Overall it’s clear the red and amber beers we were drinking 10 or even five years ago are few and far between compared to more current interpretations that understandably match modern palates and the ever-shifting expectations of craft drinkers.
BREWING RED & AMBER BEERS
There are plenty of opportunities to create variations within the red and amber ale category, with these styles finding themselves falling within a range of sub-categories, and hybrids, depending on how they’ve been brewed.
From the familiar conundrum of what hops – Australian, American, Euro or elsewhere – to wood ageing, wild ferments, fruit additions, alcohol strength and even turbidity (New England red IPA anyone?), red and amber beers find a balance between malt and hops but also allow for much flexibility in interpretation depending on preference.
Philter’s Double Red, for example, lands at a considerable 8.0% ABV and leans into the bold, malt character derived from a range of specialty malts. Malt complexities lend themselves well to the higher ABV and the double dose of fruit driven hops in this instance.
Caolan (pictured) believes that barrel ageing can work well for red and amber beers as well, so long as the hopping lends itself well to the process.
“Red ales can be oak aged to add some complexity to the overall impression of the beer. If it’s to be done, I prefer to use oak chips rather than barrel ageing as there is much less oxygen pick-up in the process, which can impact the flavour and aroma of the beer. Barrel ageing can be done but I’d only recommended this in red ales that have much lower levels of hop flavour and aroma, as hops oxidise very quickly, and this will ruin the beer.”
Speaking of process, there’s plenty for brewers to consider outside of the obvious considerations of ingredients. Water chemistry, Caolan said as an example, is an important variable that can impact hopping and malt flavour.
“Balancing out your salt profile is important to get the right amount of sulphate to provide drier and crisp bitterness, while enough chloride to accentuate the flavour and fullness of the beer is also important. You can add complexity by adding lots of different speciality malts, but more doesn’t always mean better.”
Rhys had to agree.
“Less is more so try to justify the addition of each new malt. If you can’t, take it out. Get the EBC back by upping the numbers of your remaining malts.
“Few styles require the same kind of balance as American style reds or RIPAs. Which is not to say that other styles aren’t balanced – rather that few other styles are supposed to have identifiable malt characteristics alongside identifiable hop characteristics, without one dominating the other.”
“There’s a relatively narrow sweet spot for reds and if you overshoot, you’ll find yourself heading into much darker territory.”Chris Brady, Holgate Brewhouse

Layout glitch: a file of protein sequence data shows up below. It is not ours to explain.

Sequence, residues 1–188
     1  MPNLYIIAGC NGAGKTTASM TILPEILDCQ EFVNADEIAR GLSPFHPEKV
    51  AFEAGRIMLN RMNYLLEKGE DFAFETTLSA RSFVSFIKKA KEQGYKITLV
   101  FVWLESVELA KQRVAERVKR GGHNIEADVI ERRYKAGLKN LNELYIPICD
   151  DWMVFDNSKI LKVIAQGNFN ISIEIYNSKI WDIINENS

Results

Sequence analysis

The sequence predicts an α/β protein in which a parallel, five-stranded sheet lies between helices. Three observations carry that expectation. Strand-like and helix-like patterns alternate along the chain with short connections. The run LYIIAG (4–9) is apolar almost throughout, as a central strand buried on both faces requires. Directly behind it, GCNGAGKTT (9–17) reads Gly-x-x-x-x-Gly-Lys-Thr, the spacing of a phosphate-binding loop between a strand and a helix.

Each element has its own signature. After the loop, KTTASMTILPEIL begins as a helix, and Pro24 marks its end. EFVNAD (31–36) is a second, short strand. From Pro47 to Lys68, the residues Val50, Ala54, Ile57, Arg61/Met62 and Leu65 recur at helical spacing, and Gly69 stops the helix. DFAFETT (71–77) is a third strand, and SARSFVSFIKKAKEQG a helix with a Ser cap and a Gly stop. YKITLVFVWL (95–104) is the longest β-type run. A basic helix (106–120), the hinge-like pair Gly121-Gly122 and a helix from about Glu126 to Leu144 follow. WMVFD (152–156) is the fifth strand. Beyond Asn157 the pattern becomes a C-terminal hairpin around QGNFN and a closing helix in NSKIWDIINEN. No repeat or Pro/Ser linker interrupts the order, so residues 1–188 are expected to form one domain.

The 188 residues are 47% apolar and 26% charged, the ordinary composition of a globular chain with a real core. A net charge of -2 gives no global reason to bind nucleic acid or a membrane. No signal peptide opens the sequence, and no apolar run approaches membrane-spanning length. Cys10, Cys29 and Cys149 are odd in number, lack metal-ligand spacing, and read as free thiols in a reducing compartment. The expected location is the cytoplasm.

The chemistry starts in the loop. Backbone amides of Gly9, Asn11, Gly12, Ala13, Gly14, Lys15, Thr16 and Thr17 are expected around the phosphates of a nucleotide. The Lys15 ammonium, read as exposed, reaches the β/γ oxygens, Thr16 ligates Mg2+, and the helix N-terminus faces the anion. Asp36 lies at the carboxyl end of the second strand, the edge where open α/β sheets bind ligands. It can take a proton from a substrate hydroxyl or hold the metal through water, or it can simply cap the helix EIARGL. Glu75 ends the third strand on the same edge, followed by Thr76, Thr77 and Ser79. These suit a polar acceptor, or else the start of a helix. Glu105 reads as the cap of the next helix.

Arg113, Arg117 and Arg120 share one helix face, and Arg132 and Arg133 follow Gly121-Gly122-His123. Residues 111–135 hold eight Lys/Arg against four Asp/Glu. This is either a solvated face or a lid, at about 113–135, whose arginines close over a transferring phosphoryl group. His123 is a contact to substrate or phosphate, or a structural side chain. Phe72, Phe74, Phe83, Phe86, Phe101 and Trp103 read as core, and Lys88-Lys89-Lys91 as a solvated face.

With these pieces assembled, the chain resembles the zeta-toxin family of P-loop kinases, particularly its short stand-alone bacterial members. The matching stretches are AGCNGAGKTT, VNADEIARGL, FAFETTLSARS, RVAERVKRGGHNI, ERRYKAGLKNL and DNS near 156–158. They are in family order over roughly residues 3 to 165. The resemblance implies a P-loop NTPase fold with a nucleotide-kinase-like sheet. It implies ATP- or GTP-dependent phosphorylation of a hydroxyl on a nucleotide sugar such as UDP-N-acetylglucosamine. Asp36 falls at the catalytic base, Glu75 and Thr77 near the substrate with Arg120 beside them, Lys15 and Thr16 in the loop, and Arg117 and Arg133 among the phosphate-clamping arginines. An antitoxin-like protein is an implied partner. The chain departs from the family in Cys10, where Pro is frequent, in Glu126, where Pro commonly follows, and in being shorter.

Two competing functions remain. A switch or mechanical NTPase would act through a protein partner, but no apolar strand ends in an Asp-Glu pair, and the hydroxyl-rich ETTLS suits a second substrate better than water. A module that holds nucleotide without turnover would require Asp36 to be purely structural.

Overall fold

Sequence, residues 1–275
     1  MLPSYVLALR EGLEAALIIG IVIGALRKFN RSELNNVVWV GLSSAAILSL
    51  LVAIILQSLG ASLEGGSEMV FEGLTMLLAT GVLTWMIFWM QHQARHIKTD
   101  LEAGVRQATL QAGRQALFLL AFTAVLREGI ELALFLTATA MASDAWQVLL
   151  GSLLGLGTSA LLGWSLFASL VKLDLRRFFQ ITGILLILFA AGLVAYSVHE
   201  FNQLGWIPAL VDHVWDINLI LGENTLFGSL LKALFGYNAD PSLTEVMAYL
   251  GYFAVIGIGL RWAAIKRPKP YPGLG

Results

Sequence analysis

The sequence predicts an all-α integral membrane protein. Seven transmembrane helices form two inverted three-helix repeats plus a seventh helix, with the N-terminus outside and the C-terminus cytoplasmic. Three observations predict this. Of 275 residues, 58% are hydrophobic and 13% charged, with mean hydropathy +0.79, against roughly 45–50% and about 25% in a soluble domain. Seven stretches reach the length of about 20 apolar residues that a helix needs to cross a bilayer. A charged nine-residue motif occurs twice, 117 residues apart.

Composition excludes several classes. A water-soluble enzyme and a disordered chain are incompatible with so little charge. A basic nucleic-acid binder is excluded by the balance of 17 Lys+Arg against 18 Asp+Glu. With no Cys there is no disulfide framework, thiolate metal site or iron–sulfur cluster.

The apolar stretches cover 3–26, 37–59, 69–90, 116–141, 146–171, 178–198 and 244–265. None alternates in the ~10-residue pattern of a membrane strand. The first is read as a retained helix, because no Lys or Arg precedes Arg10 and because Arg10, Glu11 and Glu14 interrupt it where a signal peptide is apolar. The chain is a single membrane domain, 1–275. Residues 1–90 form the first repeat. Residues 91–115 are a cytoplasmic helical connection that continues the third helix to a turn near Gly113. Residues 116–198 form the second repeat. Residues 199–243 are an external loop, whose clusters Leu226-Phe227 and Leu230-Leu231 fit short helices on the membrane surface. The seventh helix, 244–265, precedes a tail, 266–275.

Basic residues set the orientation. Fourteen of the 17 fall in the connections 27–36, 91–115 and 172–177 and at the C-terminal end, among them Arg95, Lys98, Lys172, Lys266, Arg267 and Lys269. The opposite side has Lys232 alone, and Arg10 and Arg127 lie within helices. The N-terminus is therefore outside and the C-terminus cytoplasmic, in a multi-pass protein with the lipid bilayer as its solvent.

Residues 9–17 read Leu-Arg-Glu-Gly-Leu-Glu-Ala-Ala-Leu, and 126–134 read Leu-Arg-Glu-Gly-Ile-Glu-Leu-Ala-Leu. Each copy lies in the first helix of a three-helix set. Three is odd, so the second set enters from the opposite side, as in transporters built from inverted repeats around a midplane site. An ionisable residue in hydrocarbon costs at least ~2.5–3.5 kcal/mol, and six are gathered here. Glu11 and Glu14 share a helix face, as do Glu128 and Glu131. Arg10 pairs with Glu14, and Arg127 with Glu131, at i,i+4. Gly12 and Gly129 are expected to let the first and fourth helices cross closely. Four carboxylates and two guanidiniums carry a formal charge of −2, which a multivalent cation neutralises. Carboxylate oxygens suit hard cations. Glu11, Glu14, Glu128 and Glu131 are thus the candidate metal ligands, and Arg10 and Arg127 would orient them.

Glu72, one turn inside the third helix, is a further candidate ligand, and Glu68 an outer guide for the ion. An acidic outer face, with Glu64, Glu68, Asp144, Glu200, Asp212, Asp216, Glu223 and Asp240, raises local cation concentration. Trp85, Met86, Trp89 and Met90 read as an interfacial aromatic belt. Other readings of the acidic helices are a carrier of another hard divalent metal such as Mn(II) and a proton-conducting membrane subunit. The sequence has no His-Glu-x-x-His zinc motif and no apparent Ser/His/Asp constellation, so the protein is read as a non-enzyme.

Chris Brady, who brews the Campfire Red IPA as Holgate Brewhouse’s head brewer, added: “Be careful with very dark roasted malts – a little goes a long way in terms of colour and flavour. Consider a de-bittered malt for colour without the overpowering roastiness.”
When chatting with brewers, it’s apparent that red and amber beers pose unique challenges. For a beer that can teeter on the edge of being hop forward or malt driven, a surprising amount of consideration needs to be applied in deciding exactly how all the parts of the equation come together.
SHADES OF RED
It’s clear that when it comes to brewing a red or amber beer, there’s plenty for a brewer to consider in their pursuit of brewing a quality offering. One surprisingly overlooked factor by many consumers is the colour, where the style derives its name, and which is often less-considered than hopping regimes or varieties.
Clearly, the famed arterial colour palette defines the beer, and is vital to its identity, but how hard can dialling in the right hue of red or amber truly be?
Caolan said the process isn’t as straight forward as it seems, and with colour comes flavour too.
“Red is a near impossible colour to try and hit with malt alone, but at Stone & Wood, we’re going for a dark red that is somewhat reminiscent of mahogany. The key is to balance the malt flavour and aroma without providing too much astringency from darker coloured malts.
“A nice body and medium to high caramel malt flavour is the aim of the game, which you can achieve from Munich and Crystal malts. A good boost in colour can come from a small amount of roasted malt like Chocolate malt too, without much roasted malt flavour.”
Chris also believes that striking red colour and malt-driven complexity are not mutually exclusive.